Self-Made Man: One Woman's Year Disguised as a Man
Self-Made Man: One Woman’s Year Disguised as a Man is a psychological and sociological look into the perception of gender divides from the point of view of Norah Vincent, who spent over a year living as and cultivating the male character of Ned. She infiltrates such male environments as an all-male bowling league, a monastery, a ‘high octane’ sales position, and the local strip clubs. She even lands a few dates as Ned to try and understand what it is that makes men and women so different.
I found this book fascinating. I’m very aware of gender associations and the divides between the two in my personal life, but it was extremely interesting to see it from the other side of the spectrum. I found myself nodding along to the observations she had made of the men and women that she interacted with as Ned and was intrigued by her reactions to the environments she was in.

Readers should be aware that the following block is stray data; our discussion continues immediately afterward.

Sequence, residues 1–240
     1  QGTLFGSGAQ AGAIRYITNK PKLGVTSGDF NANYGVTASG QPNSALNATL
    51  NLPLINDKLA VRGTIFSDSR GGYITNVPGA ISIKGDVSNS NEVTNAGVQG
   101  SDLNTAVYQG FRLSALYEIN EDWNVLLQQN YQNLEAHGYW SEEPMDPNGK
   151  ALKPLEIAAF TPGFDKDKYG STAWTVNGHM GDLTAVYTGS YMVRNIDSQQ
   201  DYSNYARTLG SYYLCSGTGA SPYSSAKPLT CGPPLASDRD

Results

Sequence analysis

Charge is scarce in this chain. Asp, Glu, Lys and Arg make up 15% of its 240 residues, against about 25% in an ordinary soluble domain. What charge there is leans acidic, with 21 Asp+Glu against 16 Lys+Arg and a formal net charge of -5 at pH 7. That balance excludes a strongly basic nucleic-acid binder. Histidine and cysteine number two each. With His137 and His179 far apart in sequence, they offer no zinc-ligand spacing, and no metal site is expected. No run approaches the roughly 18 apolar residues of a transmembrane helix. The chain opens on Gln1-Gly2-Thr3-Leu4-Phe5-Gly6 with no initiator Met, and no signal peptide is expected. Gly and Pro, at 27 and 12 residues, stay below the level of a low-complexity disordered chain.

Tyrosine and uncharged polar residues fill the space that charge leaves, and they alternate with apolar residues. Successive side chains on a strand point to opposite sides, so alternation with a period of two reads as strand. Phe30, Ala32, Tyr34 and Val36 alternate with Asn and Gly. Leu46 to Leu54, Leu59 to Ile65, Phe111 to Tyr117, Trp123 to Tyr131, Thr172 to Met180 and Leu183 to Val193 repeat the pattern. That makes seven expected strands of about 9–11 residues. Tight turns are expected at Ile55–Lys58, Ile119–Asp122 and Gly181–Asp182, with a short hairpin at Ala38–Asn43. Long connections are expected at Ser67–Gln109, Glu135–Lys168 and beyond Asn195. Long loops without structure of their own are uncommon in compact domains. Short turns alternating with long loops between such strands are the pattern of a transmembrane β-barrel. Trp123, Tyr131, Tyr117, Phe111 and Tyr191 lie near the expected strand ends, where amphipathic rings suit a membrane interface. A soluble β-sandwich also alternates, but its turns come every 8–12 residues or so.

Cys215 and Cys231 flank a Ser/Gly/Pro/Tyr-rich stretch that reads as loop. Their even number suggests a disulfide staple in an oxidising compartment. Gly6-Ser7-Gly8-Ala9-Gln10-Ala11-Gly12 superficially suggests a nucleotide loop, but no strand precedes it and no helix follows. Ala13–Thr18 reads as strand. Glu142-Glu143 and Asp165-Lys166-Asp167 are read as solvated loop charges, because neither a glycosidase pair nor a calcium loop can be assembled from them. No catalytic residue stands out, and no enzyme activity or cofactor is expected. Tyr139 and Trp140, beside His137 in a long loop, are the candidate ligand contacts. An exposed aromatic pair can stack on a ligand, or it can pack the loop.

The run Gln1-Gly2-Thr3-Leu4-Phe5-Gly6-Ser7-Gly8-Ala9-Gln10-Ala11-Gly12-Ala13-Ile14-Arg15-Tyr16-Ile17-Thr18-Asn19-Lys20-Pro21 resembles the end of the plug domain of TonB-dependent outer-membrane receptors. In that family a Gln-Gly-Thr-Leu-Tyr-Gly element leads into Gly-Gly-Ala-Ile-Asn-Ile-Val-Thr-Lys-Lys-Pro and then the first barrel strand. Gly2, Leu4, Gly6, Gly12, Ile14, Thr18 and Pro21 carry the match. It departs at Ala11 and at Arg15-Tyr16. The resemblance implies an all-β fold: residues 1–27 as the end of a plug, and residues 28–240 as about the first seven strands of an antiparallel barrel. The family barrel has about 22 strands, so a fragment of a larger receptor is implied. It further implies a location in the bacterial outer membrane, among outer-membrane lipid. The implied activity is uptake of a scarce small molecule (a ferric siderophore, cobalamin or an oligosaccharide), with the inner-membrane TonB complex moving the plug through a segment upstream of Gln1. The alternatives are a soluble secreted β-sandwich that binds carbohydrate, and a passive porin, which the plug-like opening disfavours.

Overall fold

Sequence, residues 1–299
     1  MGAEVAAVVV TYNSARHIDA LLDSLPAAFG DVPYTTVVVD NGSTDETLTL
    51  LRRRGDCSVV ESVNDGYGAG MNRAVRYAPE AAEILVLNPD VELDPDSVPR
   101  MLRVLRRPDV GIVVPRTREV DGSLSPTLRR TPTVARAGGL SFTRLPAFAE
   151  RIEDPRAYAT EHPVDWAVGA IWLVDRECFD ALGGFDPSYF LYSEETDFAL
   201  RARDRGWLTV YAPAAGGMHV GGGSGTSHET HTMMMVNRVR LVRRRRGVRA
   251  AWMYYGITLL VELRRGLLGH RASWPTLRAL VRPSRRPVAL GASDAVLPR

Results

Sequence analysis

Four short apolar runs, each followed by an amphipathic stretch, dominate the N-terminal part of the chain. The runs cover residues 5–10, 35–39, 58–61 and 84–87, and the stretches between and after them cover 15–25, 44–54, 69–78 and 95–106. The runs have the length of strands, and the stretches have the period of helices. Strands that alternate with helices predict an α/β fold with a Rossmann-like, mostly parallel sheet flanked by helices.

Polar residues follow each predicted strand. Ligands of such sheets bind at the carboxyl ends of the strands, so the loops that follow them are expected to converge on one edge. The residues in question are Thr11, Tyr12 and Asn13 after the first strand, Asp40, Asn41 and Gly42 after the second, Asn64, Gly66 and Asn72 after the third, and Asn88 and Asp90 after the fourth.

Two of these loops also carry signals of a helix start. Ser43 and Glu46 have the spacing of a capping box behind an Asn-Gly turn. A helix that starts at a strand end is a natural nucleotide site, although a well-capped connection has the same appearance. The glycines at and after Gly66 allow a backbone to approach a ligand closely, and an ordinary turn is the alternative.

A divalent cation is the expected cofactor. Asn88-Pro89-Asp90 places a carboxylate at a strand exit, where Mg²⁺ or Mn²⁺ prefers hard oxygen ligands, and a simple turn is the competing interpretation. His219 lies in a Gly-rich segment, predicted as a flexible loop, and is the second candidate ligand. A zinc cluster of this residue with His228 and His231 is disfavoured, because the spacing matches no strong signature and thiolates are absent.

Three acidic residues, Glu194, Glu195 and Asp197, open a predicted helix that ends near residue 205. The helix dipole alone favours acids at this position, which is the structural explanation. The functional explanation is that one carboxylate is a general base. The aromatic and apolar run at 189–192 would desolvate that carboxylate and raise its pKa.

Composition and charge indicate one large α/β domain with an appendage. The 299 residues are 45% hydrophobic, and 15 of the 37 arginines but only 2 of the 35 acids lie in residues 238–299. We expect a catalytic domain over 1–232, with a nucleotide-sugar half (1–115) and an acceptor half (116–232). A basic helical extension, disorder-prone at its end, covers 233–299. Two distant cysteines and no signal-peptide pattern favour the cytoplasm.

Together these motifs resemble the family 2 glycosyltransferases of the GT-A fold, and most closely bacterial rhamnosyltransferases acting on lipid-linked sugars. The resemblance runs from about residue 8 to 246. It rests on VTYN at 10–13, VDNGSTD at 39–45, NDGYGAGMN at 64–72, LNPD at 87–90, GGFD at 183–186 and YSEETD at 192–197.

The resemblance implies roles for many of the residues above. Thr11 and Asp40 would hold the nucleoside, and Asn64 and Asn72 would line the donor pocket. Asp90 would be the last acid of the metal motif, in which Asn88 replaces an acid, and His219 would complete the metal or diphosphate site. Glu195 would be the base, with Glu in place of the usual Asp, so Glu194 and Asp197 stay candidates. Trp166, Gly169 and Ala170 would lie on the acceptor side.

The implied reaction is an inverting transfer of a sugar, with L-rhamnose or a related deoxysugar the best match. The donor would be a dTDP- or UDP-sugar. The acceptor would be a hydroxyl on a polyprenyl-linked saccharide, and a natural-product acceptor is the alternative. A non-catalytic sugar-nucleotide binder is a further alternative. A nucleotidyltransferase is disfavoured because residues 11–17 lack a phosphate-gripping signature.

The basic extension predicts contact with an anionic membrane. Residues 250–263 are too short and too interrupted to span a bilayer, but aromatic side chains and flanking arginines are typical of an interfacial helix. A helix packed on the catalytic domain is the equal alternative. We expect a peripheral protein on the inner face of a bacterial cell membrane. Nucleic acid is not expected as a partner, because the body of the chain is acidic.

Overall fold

I’m a bit biased because psychology and sociology are great interests of mine, but you don’t have to have taken classes in either of those to enjoy this book. Vincent approaches this book like a presentation, addressing questions that you would ask at the times you would ask them and generally taking on a conversational tone throughout the book. It’s quite easy to read through and if she does mention anything ‘technical’, she provides a clear and detailed explanation of what that means.
I would recommend this specifically to anyone with an interest in either psychology or sociology, especially those interested in gender studies. However, I think anyone could learn something from a book like this and would encourage you to pick this one up, even if you’ve never been interested in the subject before.